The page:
In Malaysia, race and ethnicity are closely tied to religion. The Malays have to be Muslims, period. Now and then Malay fans of Indonesian sinetron and pop music are confused with the fact that not all Indonesian celebrities (who speak and sing in Indonesian) are Muslims.  
Unlike in Indonesia, Chinese Malaysians openly put on store signs written in Hanzi, talk Chinese in public spaces, and know how to write their names in Chinese script. But newly-built churches cannot have the distinctive church architecture and feature the cross. Indonesian-language bibles are seized because they contain the word “Allah”. It’s better to be a Chinese in Malaysia than Indonesia, but it’s better to be a Christian in Indonesia than Malaysia.     




This decade we are getting fed up with the Islamists. We felt ashamed when Lady Gaga’s concert was cancelled under pressure from the FPI. “Pornoaksi”, a term introduced to cover more ground legally, made Indonesia a laughing stock and for a while became a running gag in comments and opinion sections in English language newspapers as well as in Jakarta bars frequented by foreign correspondents. Now there are worries that all the bars will have to be closed when Parliament passes a bill on alcoholic drinks.
But I owe an alternate view to Elizabeth Pisani. In 2002, she witnessed an FPI member entering a drag bar to collect protection money, and heard from the staff that he used to sport a military look. In 1980s, the thugs’ theme was anti-communist paramilitary, extorting in the name of Pancasila, our national ideology. Now Islam is their theme.
The Lady Gaga fiasco was not purely caused by FPI’s zealotry. Rumor has it that they were hired by an immature character who lost the bidding game to an upstart. This theory has resurfaced after the news of the cancellation of Maroon 5 concert in Jakarta this September.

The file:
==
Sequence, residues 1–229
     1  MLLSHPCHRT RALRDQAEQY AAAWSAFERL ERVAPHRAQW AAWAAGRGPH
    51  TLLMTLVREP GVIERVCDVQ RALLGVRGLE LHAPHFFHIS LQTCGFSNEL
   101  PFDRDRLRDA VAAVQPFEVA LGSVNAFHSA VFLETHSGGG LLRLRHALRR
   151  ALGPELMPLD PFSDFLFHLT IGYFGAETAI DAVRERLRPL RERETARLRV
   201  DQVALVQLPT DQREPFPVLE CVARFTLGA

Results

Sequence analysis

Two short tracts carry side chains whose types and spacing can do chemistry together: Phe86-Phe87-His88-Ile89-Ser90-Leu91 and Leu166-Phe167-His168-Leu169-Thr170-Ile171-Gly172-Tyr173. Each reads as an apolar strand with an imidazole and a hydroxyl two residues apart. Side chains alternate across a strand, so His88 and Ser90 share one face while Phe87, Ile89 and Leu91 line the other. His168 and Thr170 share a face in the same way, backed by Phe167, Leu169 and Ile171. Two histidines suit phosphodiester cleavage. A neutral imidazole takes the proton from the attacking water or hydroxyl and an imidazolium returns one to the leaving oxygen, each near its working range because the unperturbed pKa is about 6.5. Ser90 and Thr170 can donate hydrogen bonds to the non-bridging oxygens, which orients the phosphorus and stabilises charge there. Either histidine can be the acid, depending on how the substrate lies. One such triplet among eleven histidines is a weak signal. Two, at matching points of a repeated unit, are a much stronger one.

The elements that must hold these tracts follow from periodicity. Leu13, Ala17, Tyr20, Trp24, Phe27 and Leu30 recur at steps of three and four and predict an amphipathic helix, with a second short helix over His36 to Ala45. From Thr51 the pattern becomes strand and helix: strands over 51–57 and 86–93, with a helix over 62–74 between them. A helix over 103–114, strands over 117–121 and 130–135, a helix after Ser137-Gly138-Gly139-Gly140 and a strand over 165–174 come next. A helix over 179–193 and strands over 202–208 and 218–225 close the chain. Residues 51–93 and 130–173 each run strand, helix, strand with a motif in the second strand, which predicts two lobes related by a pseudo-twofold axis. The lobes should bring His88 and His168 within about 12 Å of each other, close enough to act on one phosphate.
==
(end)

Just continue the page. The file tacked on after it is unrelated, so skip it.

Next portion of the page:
I am very aware of bad tidings in Indonesia recently – “sharia laws” targeting women in Aceh, the refusal of the Constitutional Court to review the Marriage Act, and local governments banning condoms and alcohol. But I see the rest of Southeast Asia and I see a collection of messed-up neighbors.
Magdalene can flourish only in two Southeast Asian states – Indonesia and the Philippines (with the popularity of Rappler). In Thailand, any of us would have been arrested with the charge of insulting the monarchy. It’s terribly hard to run an independent website in Singapore, and despite your experience there, homosexuality is illegal.
And Malaysia, my dear Malaysia. The opposition coalition has broken down, as Islamist PAS competes with the chauvinist UMNO to be Malaysia’s most macho party. Recently there are cases where women (and a man) were refused to enter public sites because they wore shorts. Chinese Muslims are also told to make their names fully Islamic (i.e. totally Malay).
Luckily, I am not worried about creeping religious conservatism in Indonesia. I believe a good part of them are motivated by greed (including the plan to ban alcohol) and ego than bigotry. We have decent and brave guys and gals running our country and cities for the next four years. But if I were a Malaysian or Thai (or even a Singaporean), I would be in despair.  
*Once Mario pondered what would happen if he were a girl. Follow @mariorustan on Twitter. 

Mario Rustan writes opinion pieces for The Jakarta Post and is working on some other online projects and was featured in Guardian Football and SBS Radio. His dream job is still teaching High School History by day and writing for feminism by night.